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How to prevent double-slashes in URLs from being replaced?

P: n/a
Hi,

I have to call a java-written soap webservice from a .NET client
application. Unfortunately, the URL contains of a double slash "//", as u can
see in this example:

http://linux04.bla.blabla.com:18088/...anRequest.wsdl

..NET automatically replaces the "//" with a "/" and therefore the call
fails. Setting the "Url" property of the web service proxy class at runtime
results in the same behavior.

As far as I was told, it is NOT against the the standard to use multiple
slahes in an URL. So is there any way to stop .NET from replacing them?

thanks in advance,
Benjamin
Oct 9 '06 #1
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6 Replies


P: n/a

"Benjamin Janecke" <Be*************@discussions.microsoft.comwrote in
message news:16**********************************@microsof t.com...
Hi,

I have to call a java-written soap webservice from a .NET client
application. Unfortunately, the URL contains of a double slash "//", as u
can
see in this example:

http://linux04.bla.blabla.com:18088/...anRequest.wsdl

.NET automatically replaces the "//" with a "/" and therefore the call
fails. Setting the "Url" property of the web service proxy class at
runtime
results in the same behavior.

As far as I was told, it is NOT against the the standard to use multiple
slahes in an URL. So is there any way to stop .NET from replacing them?

thanks in advance,
Benjamin
url = url.replace("//","////");

(maybe... er...)
Oct 9 '06 #2

P: n/a
doesnt work. .net replaces any number of slashes with one single slash.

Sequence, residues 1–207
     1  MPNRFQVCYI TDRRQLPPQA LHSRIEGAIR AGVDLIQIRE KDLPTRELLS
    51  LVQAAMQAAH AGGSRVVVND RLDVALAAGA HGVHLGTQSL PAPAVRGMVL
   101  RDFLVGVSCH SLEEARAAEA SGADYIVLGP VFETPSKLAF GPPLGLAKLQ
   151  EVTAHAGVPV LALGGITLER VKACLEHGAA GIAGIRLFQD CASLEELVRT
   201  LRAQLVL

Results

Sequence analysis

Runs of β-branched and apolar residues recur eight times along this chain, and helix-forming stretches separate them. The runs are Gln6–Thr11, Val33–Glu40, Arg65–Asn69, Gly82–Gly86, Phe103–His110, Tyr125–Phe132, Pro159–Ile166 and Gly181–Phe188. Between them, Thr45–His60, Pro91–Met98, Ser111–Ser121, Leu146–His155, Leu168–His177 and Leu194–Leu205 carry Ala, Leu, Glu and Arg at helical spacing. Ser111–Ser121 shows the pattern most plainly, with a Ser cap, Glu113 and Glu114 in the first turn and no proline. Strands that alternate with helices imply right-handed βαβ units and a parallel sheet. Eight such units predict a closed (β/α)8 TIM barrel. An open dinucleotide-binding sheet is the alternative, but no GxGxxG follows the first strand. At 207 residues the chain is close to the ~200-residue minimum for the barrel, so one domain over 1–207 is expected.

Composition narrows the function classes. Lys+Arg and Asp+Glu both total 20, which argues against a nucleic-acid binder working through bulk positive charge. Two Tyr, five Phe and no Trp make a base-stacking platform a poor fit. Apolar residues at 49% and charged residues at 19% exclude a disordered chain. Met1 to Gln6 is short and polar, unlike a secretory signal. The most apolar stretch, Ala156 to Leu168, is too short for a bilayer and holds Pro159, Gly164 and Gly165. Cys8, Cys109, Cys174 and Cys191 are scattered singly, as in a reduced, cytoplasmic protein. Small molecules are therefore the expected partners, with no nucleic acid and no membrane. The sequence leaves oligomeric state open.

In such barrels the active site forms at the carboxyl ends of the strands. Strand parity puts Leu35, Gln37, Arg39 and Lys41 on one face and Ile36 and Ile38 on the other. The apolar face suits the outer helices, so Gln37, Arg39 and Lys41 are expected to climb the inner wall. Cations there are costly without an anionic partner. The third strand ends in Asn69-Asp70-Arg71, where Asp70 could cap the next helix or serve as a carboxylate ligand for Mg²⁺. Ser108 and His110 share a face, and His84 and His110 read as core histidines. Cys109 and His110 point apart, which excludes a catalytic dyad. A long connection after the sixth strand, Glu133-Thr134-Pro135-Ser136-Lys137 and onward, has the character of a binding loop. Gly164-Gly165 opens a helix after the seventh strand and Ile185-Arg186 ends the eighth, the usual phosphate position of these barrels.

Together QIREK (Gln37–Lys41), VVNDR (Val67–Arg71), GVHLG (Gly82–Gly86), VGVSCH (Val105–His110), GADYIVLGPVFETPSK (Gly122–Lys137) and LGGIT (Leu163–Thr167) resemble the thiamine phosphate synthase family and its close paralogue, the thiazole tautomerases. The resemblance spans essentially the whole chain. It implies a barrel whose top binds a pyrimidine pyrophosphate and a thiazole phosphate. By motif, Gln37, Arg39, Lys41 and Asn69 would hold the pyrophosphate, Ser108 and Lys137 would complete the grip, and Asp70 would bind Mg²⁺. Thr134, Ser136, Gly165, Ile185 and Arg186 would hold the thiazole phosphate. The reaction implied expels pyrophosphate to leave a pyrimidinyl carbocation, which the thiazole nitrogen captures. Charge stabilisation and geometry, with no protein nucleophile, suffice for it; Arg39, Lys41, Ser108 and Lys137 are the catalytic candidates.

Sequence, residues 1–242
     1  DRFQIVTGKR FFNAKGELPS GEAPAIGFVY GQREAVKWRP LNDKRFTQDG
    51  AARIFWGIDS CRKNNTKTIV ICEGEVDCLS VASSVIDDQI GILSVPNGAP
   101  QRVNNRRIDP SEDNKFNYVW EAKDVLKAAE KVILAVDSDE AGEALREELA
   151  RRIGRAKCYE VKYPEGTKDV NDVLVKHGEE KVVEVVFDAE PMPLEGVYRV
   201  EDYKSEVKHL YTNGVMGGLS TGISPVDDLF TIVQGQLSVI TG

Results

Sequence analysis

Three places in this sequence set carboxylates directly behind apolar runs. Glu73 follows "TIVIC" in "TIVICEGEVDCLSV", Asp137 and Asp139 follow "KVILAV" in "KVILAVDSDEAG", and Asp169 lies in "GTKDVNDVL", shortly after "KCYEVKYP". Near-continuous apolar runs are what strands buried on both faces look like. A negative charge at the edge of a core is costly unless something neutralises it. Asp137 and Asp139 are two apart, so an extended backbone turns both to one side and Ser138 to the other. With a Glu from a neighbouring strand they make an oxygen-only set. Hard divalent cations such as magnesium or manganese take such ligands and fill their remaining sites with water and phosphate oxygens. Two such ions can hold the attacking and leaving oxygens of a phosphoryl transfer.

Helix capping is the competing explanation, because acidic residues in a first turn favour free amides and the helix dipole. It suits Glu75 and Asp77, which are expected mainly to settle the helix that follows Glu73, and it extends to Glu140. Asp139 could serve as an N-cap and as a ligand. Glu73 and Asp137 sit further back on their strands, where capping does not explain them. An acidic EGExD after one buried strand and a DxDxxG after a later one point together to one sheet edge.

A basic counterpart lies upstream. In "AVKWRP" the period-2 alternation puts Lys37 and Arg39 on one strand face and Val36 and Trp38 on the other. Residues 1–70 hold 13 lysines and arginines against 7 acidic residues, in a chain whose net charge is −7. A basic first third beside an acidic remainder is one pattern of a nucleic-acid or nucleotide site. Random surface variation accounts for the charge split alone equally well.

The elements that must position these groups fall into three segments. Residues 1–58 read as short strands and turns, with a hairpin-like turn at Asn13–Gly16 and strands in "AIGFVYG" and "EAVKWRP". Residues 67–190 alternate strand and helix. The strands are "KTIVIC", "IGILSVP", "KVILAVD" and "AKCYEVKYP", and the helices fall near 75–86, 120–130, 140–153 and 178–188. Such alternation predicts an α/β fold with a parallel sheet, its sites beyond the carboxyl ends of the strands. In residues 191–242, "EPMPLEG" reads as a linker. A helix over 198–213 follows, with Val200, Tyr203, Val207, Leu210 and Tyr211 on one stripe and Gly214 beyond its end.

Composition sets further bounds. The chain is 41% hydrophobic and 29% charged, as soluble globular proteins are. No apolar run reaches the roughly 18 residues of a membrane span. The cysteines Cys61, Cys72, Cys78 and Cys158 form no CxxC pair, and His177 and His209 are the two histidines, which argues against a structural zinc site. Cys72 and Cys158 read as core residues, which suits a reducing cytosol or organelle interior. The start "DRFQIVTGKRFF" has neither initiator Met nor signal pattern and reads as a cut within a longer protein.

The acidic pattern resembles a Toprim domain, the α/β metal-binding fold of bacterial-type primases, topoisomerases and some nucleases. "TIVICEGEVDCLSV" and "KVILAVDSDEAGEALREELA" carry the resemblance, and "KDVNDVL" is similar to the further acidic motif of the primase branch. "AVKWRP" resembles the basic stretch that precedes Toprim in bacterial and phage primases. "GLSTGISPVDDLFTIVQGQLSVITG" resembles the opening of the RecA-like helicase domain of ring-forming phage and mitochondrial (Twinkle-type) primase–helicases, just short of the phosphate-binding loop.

"james" wrote:

url = url.replace("//","////");

(maybe... er...)
Oct 9 '06 #3

P: n/a
This has never happened to me.

If this was the case, no one would ever be able to call a web service.

What exactly is your code?

"Benjamin Janecke" <Be*************@discussions.microsoft.comwrote in
message news:16**********************************@microsof t.com...
Hi,

I have to call a java-written soap webservice from a .NET client
application. Unfortunately, the URL contains of a double slash "//", as u
can
see in this example:

http://linux04.bla.blabla.com:18088/...anRequest.wsdl

.NET automatically replaces the "//" with a "/" and therefore the call
fails. Setting the "Url" property of the web service proxy class at
runtime
results in the same behavior.

As far as I was told, it is NOT against the the standard to use multiple
slahes in an URL. So is there any way to stop .NET from replacing them?

thanks in advance,
Benjamin

Oct 9 '06 #4

P: n/a
Hi,

don't get me wrong. .NET does not replace the // of the "http://"-part of
the url. again, the example:

http://linux04.bla.blabla.com:18088/...anRequest.wsdl

there is a double-slash in the middle of the url, which gets replaced with a
single slash. the double slash at the beginning of the url, after the
protocol name is not affected.

My code is as simple as that:

Service.BaanRequest b = new Service.BaanRequest();
b.Url = "http://172.16.0.74:18088//LM_SoapServices/BaanRequest";

when i then check the b.Url property in the debugger, i get the folowing
result:

http://172.16.0.74:18088/LM_SoapServices/BaanRequest

So its seems the double slash at the middle of the url was replaced
immediately after setting the property - even before calling any web method.
This also happens when I set the url using the app.config file (which is the
normal way to do this).

..NET just doesnt seem to allow for multiple slashes to occurr. I can even do
this:

b.Url =
"http://172.16.0.74:18088/////////////////LM_SoapServices/BaanRequest";

and get the same result.
"Marina Levit [MVP]" wrote:
This has never happened to me.

If this was the case, no one would ever be able to call a web service.

What exactly is your code?

"Benjamin Janecke" <Be*************@discussions.microsoft.comwrote in
message news:16**********************************@microsof t.com...
Hi,

I have to call a java-written soap webservice from a .NET client
application. Unfortunately, the URL contains of a double slash "//", as u
can
see in this example:

http://linux04.bla.blabla.com:18088/...anRequest.wsdl

.NET automatically replaces the "//" with a "/" and therefore the call